9. Mirceam94


    Dec 17, 2010
    Without the capacitors, the interference I described earlier is present. I was told to place a 100 ohm resistor in series with the CLK pin instead if the capacitor to ground, but I haven't had time to make that modification.

    Yes =]

    Yes, through the Data-Bus. All of the data-bus lines are pulled low by 1K resistors, but there is no series resistor between the 74HCT244 and the LED; there is one between the LED and ground (100 ohms).

    In the finished computer, the outputs will be driving the inputs of other 74HCT273s, 74HCT244s, or 74HCT374s. For now, I'm using the LEDs for testing.

    By flicker I mean, they rapidly oscillate, but to varying amplitudes =] Over time, they start to oscillate less brightly, and after about 2 minutes, usually half of them are all the way off. I haven't measured the 74HCT244's output voltage to an LED when it turns off yet, I'll go ahead and do that.

    I do have an oscilloscope, but I've never used it before. I'll go ahead and google for a manual =]

    The carry and mode select inputs (Along with S0-S1) are pulled to either +5V or ground through 1K resistors, and are connected to SPDT switches on the board with the LEDs for testing (The switches themselves are connected to both +5V and ground, with the center pin acting as the signal output).

    Yeah, about that, I made a few mistakes on the schematic... First off, I forgot to include the bypass capacitors, so I went ahead and attached a corrected version to this post. EaglePCB didn't have an HCT version of the 74244, so I had to use the LS part. Just remember that in the actual circuit it's an HCT =] There was no 40181 in Eagle's catalog either, so I substituted a 74LS181N. I sent an order to Mouser this morning for some 74LS181s to replace the 40181s and see if that makes a difference, but they'll take around two weeks to arrive.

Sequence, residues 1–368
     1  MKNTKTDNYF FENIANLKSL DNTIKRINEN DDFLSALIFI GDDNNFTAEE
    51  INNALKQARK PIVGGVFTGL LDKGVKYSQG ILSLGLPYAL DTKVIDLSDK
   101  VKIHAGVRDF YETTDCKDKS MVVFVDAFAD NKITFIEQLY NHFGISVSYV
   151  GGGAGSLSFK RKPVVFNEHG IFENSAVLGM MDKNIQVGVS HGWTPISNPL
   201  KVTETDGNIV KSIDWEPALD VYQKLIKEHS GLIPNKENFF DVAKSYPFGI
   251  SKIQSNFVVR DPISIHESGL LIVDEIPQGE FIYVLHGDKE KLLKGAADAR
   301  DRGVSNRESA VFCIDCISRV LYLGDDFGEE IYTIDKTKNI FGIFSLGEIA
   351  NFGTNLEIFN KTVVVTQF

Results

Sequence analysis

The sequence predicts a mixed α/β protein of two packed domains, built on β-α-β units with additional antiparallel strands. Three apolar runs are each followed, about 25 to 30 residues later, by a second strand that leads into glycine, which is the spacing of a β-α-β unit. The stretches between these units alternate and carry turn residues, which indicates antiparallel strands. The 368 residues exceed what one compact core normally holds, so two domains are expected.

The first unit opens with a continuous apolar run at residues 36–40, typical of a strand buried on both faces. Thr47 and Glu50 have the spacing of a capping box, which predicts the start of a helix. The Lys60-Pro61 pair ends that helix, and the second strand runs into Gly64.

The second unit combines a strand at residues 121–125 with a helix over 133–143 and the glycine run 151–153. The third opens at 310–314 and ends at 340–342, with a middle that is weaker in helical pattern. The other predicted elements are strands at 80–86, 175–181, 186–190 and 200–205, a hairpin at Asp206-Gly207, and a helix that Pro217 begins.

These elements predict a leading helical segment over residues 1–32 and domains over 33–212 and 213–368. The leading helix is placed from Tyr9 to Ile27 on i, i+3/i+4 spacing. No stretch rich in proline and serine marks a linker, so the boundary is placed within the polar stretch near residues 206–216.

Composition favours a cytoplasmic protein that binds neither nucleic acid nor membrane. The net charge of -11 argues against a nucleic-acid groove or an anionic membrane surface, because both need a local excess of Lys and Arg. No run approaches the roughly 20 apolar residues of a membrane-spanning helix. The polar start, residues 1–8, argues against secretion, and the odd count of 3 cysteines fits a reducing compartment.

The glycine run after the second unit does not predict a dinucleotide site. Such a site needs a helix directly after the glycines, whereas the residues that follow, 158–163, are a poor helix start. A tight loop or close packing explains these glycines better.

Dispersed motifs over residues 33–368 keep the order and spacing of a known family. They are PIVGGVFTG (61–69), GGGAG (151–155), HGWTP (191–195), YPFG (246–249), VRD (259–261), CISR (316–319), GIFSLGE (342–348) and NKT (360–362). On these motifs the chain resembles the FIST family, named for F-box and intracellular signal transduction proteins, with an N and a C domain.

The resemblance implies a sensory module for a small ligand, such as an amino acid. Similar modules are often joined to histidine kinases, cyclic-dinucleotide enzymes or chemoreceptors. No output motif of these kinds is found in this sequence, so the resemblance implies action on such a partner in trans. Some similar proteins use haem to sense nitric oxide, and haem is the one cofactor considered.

The 74LS85 is, in reality, an LS IC, but it isn't being directly accessed in the tests, and the only connection it has with the 40181 is that it shares the same inputs (the outputs of the 74HCT273s), so I didn't mention it.

    Thats what I thought, but LTX71CM recommended earlier that I beef up my power supply. I'll go ahead and try to get that oscilloscope working, and I'll look for any ripple on the power bus.

    And, I haven't measured the current draw, but I'll go ahead and do that =] I'm certain it'll be much lower than the 7805s maximum rating. I'll do it with all of the LEDs on, to get a worst-case-scenario number.

    What circuit?

    I already bought new HCF40181s and swapped them in, but the problem remained. How would the 1 ohm resistor signal excessive current draw? Would it heat up?

    Attached Files:

  10. Mirceam94


    Dec 17, 2010